WTF? Robots Sketch Your Portrait on the Way to the Bathroom (video)

Cameras, robots, bathrooms ...sounds sketchy.

Look out, a robot may be spying on you on your way into the restroom. Artists and programmers in the UK have decided to improve upon the male and female symbols outside many toilet facilities. They’ve developed a set of robotic arms that take pictures of people entering into a bathroom and then use that image to create a unique drawing to place outside the door. It then wipes away this art to make room for the next person’s caricature. The device is entitled “Ladies&Gents” and can be seen outside the lavatories at the Unleashed Devices exhibit at Watermans arts centre in West London. The installation lasts through the 22nd of October. Each original sketch is uploaded to an automated blog, and there are now hundreds to peruse. You can watch the Ladies&Gents bot perform a drawing in the video clip below. Of the many ways you could showcase robot artistic talent, this has got to be one of the weirdest.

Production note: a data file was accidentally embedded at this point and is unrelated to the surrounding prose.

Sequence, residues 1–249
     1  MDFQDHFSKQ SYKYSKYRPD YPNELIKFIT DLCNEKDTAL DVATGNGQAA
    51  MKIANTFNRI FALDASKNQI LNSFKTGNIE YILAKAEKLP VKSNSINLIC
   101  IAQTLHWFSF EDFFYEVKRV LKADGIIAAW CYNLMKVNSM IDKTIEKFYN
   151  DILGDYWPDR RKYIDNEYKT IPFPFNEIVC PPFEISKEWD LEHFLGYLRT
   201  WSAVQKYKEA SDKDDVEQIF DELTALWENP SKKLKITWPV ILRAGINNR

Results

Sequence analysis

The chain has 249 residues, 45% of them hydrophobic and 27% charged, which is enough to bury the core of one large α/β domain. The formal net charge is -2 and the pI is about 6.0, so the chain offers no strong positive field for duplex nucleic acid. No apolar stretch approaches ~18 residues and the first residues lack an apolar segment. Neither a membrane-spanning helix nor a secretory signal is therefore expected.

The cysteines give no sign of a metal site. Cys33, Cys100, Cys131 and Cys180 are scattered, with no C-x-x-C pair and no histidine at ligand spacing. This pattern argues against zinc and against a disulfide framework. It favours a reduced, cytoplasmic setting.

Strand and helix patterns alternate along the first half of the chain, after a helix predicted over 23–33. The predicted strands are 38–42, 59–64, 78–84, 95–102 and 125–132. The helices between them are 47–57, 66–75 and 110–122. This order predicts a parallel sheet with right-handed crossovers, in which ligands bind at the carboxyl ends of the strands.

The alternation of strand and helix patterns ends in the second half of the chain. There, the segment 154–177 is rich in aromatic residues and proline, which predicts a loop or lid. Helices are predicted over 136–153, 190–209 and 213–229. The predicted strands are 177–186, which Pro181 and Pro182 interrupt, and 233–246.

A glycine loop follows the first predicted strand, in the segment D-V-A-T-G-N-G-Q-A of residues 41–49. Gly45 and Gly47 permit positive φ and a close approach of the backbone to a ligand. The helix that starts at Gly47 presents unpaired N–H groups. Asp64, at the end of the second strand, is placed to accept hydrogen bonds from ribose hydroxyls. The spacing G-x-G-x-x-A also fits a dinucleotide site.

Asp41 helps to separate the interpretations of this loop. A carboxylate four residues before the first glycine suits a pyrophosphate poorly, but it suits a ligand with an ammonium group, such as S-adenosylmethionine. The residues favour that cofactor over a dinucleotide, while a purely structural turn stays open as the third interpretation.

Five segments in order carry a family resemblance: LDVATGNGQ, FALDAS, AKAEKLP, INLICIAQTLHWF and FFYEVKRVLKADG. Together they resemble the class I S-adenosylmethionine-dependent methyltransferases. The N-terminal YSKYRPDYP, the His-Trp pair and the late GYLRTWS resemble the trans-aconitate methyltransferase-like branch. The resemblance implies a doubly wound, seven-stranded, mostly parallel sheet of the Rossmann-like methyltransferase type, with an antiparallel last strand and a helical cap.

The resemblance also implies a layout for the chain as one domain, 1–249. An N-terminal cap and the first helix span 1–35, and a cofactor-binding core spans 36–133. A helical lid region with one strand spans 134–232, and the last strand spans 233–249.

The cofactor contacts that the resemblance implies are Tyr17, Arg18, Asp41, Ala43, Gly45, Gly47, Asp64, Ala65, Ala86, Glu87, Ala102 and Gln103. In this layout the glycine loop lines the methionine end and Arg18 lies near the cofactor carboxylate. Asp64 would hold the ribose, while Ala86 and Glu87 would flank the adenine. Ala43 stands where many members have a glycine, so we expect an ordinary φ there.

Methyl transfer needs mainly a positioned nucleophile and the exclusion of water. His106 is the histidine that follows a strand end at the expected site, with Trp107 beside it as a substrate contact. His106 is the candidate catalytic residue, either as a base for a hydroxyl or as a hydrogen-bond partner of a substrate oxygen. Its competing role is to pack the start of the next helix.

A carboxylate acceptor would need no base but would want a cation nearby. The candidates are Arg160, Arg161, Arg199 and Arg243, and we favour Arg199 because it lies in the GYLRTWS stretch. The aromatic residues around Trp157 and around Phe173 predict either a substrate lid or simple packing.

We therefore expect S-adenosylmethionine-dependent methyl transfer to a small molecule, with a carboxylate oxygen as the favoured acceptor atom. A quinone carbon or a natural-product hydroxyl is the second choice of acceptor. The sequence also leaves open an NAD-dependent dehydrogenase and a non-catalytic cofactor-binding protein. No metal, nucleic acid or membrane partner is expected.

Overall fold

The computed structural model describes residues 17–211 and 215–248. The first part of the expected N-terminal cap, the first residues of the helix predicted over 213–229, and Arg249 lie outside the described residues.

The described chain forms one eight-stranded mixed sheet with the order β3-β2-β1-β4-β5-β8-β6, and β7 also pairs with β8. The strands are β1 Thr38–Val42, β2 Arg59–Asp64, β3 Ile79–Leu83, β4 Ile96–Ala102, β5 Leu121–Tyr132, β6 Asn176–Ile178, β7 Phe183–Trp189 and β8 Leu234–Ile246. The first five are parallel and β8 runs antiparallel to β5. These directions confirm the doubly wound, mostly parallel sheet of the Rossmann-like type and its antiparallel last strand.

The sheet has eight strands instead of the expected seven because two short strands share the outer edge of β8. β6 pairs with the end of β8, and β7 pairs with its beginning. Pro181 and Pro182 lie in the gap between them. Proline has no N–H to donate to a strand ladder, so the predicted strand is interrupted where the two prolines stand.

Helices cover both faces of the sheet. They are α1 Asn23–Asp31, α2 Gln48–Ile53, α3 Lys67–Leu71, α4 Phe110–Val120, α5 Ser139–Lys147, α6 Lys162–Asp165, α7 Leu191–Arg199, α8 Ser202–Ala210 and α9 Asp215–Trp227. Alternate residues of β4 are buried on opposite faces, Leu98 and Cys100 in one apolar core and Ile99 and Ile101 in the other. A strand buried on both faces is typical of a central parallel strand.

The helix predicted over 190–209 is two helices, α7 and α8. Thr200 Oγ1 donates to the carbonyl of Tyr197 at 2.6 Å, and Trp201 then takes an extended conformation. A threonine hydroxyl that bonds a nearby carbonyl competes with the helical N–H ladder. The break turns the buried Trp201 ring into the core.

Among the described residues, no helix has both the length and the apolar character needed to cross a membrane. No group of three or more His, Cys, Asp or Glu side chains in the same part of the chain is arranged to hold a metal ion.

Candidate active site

Ladies&Gents does more than prove that robots have little sense of decorum. Creators Patrick Tresset and Nanda Khaorapapong have designed it to be a robotically enabled exploration of “gender, morphology and symbolisation.” It may be a silly concept, but it’s serious art. Art generated by a robot.

Tresset is also the creator of the Aikon II, which creates unique sketches of people’s faces. I corresponded with Tresset via email and learned that Ladies&Gents is, in fact, reusing the Aikon robot control scheme. Tresset and Khaorapapong have approached the art in a new way, as Ladies&Gents must focus on limbs and silhouettes rather than faces. A combination of randomness (which Tresset dislikes) as well as the person’s shape influences each sketch. So, not as artificially creative as Aikon II, but still interesting.

Even rudimentary drawing robots like these are examples of artificial creativity. As creative problem solving is one of the areas in which human minds exceed the limits of computers, it’s interesting to watch artists strive to teach these skills to machines. When robots can finally match our artistry we will have created intelligences with a great portion of what we consider to be human. In the pursuit of such lofty goals it’s forgivable that the bot waits outside bathrooms and draws those who enter.

Sure, when a robot does it, it’s a triumph of technology, but when I do it…

Patrick Tressert and Nanda Khaorapapong wish to credit Goldsmith’s College Department of Computing, where Patrick is a researcher and Nanda is an alumnus.
[image and video credit: Ladies and Gent Blog (Nanda Khaorapapong and Patrick Tresset)]
[source: Ladies and Gent Blog]

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